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Researcher: We Can Eliminate HIV/AIDS in 40 Years

5 years ago
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The Holy Grail of AIDS research has long been the development of a vaccine to halt the spread of the virus. But what if, using only the medicines we already have right now, we could eliminate AIDS within the next 40 years? According to Dr. Brian Williams, an AIDS researcher for the South African Center for Epidemiological Modeling and Analysis, it is possible -- we just need to think bigger.

On the surface, the strategy is disarmingly simple: New antiretroviral HIV/AIDS drugs aim to slow the spread of the disease by keeping the concentration levels of the virus in the body low, which also decreases the likelihood of HIV/AIDS transmission. So, the theory goes, have voluntary HIV/AIDS tests for every person at least once a year, and start anyone who tests positive on antiretroviral drugs before viral loads increase.

Then, repeat. And repeat again, and again, and again.

If all goes according to plan, Williams estimates that in five to 10 years, transmission of the virus will have essentially stopped and, by 40 years, HIV/AIDS would be eliminated.

Williams presented the plan at the Conference on Retroviruses and Opportunistic Infections (CROI) last week in San Francisco and then again -- to considerably more public fanfare this time -- at the annual meeting of the American Association for the Advancement of Science in San Diego over the weekend. He was also one of the World Health Organization scientists, along with Dr. Reuben Granich, who published a paper outlining the ideas in the medical journal "The Lancet" more than a year ago, in January 2009.

Of course, universal testing and then providing treatment for the millions who have the virus is anything but simple. Or, inexpensive. But, Williams notes that the spread of HIV/AIDS is already costing billions of dollars.

"The cost actually stays quite flat," Williams told doctors at the CROI conference. "The reason it stays flat is initially we have a big capital outlay -- we spend a lot to get everybody onto antiretroviral therapy. But, once we do that, if we really reduce transmission and the number of people that are infected, then we save money."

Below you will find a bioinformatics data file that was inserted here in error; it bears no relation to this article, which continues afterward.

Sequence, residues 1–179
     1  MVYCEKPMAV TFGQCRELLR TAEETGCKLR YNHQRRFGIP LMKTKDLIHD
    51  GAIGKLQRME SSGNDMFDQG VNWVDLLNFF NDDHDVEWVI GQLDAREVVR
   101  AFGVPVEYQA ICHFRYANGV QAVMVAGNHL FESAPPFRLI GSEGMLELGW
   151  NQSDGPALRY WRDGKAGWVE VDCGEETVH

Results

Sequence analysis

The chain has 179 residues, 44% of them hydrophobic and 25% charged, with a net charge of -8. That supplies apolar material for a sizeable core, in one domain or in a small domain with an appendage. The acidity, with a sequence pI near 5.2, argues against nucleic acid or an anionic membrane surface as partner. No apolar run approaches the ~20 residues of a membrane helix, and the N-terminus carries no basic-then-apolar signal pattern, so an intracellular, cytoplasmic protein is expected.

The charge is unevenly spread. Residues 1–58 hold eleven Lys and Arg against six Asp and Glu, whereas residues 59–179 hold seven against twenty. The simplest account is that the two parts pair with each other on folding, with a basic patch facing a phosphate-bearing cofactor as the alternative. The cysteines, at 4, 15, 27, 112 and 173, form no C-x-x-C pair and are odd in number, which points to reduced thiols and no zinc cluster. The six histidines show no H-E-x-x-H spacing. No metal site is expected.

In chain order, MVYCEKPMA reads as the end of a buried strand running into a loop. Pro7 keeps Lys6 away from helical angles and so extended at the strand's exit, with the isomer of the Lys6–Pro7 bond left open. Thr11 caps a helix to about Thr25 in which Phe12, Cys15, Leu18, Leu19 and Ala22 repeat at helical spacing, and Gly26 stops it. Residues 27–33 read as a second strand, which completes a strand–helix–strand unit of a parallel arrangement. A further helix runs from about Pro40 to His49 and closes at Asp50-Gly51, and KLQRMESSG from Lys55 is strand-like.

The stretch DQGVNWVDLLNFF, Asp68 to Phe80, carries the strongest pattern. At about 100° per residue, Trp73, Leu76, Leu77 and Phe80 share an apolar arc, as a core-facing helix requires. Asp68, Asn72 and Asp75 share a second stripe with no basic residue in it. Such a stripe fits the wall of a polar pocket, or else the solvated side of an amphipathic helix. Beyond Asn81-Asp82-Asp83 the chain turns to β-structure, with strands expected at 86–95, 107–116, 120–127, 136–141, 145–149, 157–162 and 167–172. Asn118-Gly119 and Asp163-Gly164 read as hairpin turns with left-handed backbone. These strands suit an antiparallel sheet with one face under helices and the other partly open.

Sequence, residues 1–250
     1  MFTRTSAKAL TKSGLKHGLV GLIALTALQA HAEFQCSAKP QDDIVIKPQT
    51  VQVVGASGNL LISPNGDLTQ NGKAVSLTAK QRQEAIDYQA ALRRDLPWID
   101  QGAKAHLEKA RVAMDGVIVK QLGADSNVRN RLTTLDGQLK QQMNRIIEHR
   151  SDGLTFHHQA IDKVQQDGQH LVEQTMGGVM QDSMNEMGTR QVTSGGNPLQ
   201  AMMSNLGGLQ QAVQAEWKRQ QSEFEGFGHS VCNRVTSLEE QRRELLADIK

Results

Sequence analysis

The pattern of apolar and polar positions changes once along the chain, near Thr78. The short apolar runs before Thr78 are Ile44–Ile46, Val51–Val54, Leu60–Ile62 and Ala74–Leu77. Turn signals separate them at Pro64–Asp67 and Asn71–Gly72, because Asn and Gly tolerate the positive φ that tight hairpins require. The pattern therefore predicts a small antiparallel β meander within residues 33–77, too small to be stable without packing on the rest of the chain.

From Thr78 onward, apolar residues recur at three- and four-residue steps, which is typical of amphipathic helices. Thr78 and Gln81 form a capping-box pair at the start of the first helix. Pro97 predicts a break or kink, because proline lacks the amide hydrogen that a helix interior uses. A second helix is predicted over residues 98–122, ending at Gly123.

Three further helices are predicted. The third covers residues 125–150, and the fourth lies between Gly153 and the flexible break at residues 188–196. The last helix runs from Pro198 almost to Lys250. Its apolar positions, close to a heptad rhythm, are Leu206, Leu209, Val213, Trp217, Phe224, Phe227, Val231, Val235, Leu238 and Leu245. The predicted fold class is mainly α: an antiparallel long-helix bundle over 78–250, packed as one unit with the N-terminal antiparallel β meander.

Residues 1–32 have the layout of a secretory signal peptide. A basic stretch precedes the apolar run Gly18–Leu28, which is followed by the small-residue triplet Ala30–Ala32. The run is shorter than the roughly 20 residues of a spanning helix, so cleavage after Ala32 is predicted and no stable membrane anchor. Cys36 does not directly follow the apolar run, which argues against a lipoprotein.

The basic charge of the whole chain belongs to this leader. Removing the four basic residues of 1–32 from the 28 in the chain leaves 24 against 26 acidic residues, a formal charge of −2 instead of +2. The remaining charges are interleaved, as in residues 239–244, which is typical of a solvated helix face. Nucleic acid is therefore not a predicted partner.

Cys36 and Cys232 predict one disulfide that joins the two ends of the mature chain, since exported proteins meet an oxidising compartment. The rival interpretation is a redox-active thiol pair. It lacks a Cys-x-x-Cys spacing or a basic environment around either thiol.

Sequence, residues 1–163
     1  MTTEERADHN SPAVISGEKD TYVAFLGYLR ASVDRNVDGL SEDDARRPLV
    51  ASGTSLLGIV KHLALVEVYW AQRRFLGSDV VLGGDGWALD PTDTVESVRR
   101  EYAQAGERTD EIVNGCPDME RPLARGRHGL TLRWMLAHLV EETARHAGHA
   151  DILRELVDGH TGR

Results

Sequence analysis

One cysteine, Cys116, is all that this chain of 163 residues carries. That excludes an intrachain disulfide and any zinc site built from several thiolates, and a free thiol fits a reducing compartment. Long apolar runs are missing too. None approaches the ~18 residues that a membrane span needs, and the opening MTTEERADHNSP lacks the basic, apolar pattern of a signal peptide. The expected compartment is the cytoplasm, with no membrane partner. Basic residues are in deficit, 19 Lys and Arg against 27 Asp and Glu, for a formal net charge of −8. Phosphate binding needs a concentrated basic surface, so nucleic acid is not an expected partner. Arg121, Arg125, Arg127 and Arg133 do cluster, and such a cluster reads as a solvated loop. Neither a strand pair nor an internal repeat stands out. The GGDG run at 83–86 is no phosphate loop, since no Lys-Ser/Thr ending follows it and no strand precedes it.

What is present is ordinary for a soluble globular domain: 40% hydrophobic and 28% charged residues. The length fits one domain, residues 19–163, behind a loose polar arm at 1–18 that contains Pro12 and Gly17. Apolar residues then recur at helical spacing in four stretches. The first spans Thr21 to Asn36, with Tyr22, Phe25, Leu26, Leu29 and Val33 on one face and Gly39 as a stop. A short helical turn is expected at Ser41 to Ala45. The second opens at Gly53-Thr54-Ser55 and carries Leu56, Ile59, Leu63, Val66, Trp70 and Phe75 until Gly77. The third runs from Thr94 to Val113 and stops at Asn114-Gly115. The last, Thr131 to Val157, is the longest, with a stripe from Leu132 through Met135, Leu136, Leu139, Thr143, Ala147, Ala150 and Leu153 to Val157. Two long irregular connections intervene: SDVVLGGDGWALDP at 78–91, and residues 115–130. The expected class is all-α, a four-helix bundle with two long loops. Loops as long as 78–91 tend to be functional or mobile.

Williams estimates that over the last 25 years, the cost of AIDS has already rung up a staggering total of more than $150 billion. "We have a choice," he said, "and the choice is we can do nothing and spend $60 billion over the next 40 years, or we can save 3 million lives, and spend $60 billion over the next 40 years."

But cost is not the only issue. There's also the issue of how -- and, indeed, if -- a program of this size would be feasible. There are currently more than 33 million cases of AIDS worldwide. The United Nations estimates that AIDS is responsible for more than 2 million deaths a year and that an additional 7,500 people are infected each day with HIV/AIDS.

Dr. Anthony Fauci is the director of the National Institute of Allergy and Infectious Disease and is working on a pilot test program to look at the feasibility of the "test and treat" method in two communities with some of the highest HIV/AIDS infection rates in the United States: Washington and the Bronx in New York.

Fauci cautions that, though he thinks it's too soon to begin to evaluate the pilot program, a plan to eliminate HIV/AIDS with "test and treat" would run into a number of difficulties.

"The first thing you have to do is see if you can test a large enough group of people for this to work," he told Politics Daily. "Then, do you have the infrastructure for it? Third, will they accept the treatment?" And those aren't the only roadblocks; it's also possible that a resistance to the drugs could start to build up, necessitating new medical developments.

But, he notes that even if the project doesn't eliminate HIV/AIDS, it will nevertheless do some good. "We don't want the perfect to be the enemy of the good," said Fauci. "You may not be able to test everyone or even treat everyone, but, using treatment as prevention will still have a major positive impact on diminishing the virus."

Still, even with the possibility of making measured dents in the virus with existing treatments, the search for the Holy Grail goes on. "Obviously, the major goal is still a vaccine," said Fauci.

But that, too, is likely to be difficult. In September, researchers in Thailand announced a seemingly major breakthrough for the possibility of an HIV/AIDS vaccine. But, since then, researchers have been disappointed with both the potential effectiveness and longevity of that vaccine. And -- until a vaccine does emerge -- it's hard to quarrel with expanded testing and treatment. Especially if it ends up working.

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